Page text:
Archive of European Projects

Mosquito Antiviral piRNA Pathway (MAPP)
Start date: 01 Sep 2015, End date: 31 Aug 2017 PROJECT  FINISHED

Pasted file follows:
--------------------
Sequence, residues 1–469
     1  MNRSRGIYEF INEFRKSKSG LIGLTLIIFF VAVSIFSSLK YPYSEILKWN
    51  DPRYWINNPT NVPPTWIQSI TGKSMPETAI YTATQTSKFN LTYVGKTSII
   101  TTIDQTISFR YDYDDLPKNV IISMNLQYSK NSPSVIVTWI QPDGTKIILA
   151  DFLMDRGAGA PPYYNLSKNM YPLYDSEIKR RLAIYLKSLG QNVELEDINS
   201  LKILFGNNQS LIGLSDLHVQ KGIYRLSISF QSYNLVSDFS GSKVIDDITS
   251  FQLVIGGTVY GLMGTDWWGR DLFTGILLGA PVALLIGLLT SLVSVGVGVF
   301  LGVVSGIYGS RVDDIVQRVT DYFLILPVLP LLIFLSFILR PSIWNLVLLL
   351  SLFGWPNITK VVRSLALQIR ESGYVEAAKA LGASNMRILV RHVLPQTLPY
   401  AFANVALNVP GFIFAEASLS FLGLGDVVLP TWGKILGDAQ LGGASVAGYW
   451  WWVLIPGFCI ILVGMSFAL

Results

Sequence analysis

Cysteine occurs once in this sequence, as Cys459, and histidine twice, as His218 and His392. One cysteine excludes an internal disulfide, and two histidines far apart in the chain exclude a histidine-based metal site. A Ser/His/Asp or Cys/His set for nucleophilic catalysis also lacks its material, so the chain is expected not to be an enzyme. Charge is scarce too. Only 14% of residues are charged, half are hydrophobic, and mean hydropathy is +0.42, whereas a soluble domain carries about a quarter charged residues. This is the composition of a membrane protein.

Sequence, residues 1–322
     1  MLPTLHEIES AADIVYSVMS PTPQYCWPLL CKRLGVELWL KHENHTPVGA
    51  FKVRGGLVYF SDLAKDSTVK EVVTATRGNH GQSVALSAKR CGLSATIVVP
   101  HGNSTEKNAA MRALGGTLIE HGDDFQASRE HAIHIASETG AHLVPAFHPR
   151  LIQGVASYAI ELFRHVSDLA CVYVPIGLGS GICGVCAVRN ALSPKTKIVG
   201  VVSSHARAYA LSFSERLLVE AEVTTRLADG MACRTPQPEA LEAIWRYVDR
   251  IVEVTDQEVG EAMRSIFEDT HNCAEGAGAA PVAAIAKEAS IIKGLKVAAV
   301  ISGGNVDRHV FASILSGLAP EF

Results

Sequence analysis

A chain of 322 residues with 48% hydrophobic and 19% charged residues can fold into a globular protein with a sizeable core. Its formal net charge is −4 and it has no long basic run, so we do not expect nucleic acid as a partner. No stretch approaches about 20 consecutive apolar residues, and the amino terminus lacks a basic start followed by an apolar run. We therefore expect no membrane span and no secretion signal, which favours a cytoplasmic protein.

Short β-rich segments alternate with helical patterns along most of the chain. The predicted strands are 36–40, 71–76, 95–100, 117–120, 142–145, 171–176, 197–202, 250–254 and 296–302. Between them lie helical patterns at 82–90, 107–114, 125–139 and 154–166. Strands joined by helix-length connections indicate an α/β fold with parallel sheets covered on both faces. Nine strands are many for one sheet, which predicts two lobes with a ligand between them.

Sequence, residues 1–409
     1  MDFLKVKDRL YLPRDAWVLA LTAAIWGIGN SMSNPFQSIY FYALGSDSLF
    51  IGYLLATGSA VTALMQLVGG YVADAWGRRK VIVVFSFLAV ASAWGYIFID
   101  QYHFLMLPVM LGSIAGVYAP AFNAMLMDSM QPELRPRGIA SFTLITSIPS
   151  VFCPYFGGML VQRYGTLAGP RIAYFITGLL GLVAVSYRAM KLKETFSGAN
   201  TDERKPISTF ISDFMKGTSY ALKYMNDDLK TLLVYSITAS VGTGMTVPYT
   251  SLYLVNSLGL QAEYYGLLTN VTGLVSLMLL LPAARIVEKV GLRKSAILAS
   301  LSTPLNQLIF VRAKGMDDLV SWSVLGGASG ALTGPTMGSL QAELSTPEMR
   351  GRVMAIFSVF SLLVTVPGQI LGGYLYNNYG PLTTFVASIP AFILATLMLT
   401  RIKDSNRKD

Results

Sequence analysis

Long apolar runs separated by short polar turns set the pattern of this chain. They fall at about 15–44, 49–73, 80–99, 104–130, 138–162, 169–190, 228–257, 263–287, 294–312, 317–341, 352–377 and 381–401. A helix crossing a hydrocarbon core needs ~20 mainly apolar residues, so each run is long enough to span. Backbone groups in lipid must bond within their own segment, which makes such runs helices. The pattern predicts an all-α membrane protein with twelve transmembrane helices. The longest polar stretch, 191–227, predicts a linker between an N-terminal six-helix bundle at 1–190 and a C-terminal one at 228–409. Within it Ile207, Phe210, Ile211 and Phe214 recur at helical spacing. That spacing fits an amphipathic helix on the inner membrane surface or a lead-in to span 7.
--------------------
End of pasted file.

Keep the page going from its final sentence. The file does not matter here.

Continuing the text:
Mosquitoes transmit several medically and economically important ARthropod-BOrne (arbo)viruses to mammals (including humans), such as dengue virus and chikungunya virus (CHIKV). Unlike infection in their mammalian host, infection in their arthropod vector is apathogenic and persistent due to the interplay between the virus and the innate immune responses. The main antiviral mechanism in mosquitoes is the sequence specific RNA break down mechanism- RNA interference (RNAi), specifically the 21 nucleotide (nt) long small interfering (si)RNAs are considered to play a key role; however, siRNAs are not likely to be essential for the establishment of persistent viral infection. Recently small RNA molecules derived from different pathway have been reported to have an antiviral role in aedine mosquitoes and derived cell lines: PIWI interacting (pi)RNAs (24-29 nt). Persistent infection ensures that mosquitoes remain infectious and if piRNAs control this process, they could play a key part in regulating subsequent arbovirus transmission to humans. Little is known about the piRNA pathway in mosquitoes and even less about its interaction with arbovirus infections. Most of the work has focused on the identification and analysis of (viral specific) small RNAs (siRNA and piRNAs) in infected mosquitoes, but little on the proteins and the protein-RNA interactions involved in these processes.The proposed research project will use a multidisciplinary approach that involves molecular virology with CHIKV, quantitative proteomics, RNA sequencing and knock down experiments in Aedes aegypti derived cells and mosquitoes to comprehensively understand for the first time the piRNA pathway, its involvement and importance to regulate arbovirus infections in aedine mosquitoes. The findings will extend our knowledge on the interactions between arboviruses and their mosquito vector and generate information that could be used in novel disease-spread control strategies.
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